IHe was the creator of the gif, the famous animated format on the Internet, in the 1980s. Stephen Wilhite died of Covid-19 at the age of 74, surrounded by members of his family. The computer engineer’s wife, Kathaleen, revealed the news on Wednesday March 23 to The Verge media. According to his obituary, the programmer remained a “very humble and kind” man despite his professional achievements.
In private messages or on social networks, the gif (“graphic interchange format”) has become an essential element of online conversations. However, Stephen Wilhite designed this looping mini-video format for a completely different reason. Initially, this ex-employee of CompuServe was looking for a way to send color images in high definition without losing quality, the bandwidth at the time being much slower than today. “He came up with the gif on his own – he made it at home and implemented it after perfecting it,” his wife revealed to The Verge. The very first example of a gif (pronounced “jif” according to its inventor) was a photo of a red plane (visible here), with a resolution well below current standards.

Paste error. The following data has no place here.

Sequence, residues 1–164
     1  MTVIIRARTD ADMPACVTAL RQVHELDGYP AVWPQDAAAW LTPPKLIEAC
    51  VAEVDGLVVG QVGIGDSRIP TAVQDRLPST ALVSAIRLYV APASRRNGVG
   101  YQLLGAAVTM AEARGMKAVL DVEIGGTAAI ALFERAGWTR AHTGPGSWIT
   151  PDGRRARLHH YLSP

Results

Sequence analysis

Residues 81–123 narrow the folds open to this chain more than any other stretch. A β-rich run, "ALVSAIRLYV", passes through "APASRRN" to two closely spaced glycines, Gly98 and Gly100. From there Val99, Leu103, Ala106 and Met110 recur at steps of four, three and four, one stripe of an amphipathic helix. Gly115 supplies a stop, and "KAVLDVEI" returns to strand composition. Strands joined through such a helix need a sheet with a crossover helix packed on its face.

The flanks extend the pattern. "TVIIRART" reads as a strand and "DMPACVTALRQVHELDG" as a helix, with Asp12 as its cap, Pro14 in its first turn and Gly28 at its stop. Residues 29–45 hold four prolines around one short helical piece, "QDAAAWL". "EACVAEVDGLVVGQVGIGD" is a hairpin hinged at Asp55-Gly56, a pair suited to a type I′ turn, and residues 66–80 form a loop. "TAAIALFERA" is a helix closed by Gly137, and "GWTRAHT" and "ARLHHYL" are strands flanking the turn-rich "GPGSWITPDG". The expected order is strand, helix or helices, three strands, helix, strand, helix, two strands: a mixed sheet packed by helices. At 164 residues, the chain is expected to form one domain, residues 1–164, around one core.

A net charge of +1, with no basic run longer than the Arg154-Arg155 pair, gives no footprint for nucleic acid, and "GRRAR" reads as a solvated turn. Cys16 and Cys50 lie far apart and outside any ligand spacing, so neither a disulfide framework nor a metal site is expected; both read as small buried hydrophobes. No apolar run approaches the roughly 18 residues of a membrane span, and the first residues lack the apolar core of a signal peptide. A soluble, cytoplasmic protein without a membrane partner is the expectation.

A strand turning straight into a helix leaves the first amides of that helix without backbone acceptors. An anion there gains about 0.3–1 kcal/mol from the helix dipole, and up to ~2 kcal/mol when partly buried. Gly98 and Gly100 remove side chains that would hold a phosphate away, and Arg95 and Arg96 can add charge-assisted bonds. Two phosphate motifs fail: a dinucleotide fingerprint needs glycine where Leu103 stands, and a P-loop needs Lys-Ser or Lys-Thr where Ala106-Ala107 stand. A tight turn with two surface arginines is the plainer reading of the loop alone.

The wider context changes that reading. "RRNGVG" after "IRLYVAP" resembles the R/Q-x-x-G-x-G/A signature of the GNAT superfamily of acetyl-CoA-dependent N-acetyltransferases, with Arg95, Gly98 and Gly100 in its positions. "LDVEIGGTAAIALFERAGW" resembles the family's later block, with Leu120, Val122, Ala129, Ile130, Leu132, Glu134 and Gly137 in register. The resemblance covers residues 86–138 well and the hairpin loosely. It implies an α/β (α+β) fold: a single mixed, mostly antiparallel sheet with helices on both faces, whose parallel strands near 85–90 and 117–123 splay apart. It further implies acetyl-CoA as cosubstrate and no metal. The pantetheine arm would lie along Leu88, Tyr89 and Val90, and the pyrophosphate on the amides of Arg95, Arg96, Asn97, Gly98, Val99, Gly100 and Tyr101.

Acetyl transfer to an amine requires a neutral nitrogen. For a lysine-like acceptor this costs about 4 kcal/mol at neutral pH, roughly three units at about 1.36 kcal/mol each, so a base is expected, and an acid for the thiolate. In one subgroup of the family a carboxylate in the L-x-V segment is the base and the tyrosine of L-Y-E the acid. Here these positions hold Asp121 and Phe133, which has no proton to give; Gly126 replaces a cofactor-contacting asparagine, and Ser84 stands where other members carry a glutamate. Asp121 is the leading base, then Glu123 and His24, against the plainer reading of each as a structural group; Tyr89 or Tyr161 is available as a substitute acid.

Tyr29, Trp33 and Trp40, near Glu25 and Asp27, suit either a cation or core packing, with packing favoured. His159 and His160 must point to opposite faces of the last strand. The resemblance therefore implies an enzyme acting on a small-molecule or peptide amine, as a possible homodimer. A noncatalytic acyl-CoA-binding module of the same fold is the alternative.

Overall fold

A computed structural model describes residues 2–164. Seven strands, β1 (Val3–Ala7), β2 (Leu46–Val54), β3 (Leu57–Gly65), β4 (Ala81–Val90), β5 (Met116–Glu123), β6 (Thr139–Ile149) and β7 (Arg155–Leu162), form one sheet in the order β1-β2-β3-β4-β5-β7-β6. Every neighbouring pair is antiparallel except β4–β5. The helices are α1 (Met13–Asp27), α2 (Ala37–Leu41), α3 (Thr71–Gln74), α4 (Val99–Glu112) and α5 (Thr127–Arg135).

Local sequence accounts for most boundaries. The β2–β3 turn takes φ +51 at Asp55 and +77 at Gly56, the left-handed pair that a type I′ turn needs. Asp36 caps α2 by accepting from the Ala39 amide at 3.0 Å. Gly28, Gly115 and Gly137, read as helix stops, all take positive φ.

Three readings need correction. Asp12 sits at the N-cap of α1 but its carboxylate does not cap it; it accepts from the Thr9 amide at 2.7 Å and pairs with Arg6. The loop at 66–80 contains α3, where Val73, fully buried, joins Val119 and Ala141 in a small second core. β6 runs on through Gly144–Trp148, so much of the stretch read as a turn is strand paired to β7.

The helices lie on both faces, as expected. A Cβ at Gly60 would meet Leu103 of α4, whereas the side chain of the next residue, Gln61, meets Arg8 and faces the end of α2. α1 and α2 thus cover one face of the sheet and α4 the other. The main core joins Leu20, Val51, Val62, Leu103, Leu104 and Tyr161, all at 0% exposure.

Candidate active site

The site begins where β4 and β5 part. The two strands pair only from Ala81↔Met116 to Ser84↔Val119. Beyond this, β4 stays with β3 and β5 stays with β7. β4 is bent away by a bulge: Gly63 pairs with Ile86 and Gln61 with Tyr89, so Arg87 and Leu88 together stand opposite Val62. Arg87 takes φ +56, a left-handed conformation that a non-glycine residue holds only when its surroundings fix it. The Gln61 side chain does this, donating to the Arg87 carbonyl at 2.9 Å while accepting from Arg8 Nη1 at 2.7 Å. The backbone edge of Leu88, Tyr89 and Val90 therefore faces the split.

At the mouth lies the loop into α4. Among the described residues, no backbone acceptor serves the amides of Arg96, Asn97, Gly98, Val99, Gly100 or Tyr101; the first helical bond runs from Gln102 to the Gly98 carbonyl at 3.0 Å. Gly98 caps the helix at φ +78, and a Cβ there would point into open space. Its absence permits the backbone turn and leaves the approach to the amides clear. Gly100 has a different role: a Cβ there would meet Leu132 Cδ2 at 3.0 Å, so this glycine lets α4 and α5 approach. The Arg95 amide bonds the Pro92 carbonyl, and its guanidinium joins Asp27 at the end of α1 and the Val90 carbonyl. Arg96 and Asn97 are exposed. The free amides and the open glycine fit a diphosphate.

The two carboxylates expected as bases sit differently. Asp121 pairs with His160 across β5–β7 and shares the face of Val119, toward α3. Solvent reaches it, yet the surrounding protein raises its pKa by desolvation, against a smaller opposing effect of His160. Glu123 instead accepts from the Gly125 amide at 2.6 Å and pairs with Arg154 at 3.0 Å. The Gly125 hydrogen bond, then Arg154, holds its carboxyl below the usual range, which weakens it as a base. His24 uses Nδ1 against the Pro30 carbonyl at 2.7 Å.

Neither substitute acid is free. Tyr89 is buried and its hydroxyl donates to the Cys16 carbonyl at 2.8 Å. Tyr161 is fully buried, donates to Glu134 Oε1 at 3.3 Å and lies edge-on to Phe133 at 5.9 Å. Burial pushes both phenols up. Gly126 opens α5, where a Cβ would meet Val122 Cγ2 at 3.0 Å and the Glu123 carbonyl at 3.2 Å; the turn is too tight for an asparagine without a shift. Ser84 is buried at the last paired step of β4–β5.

The gif as a mode of appropriation of popular imaginations
Tributes in gif
Retired since 2000, Stephen Wilhite devoted the end of his life to traveling with his wife. His invention won him the Webby Lifetime Achievement Award in 2013. With the New York Times in 2013, the main interested party had revealed his favorite animation: that of a baby dancing while turning on itself. Many Internet users have not failed to honor his memory on social networks, with gifs of course.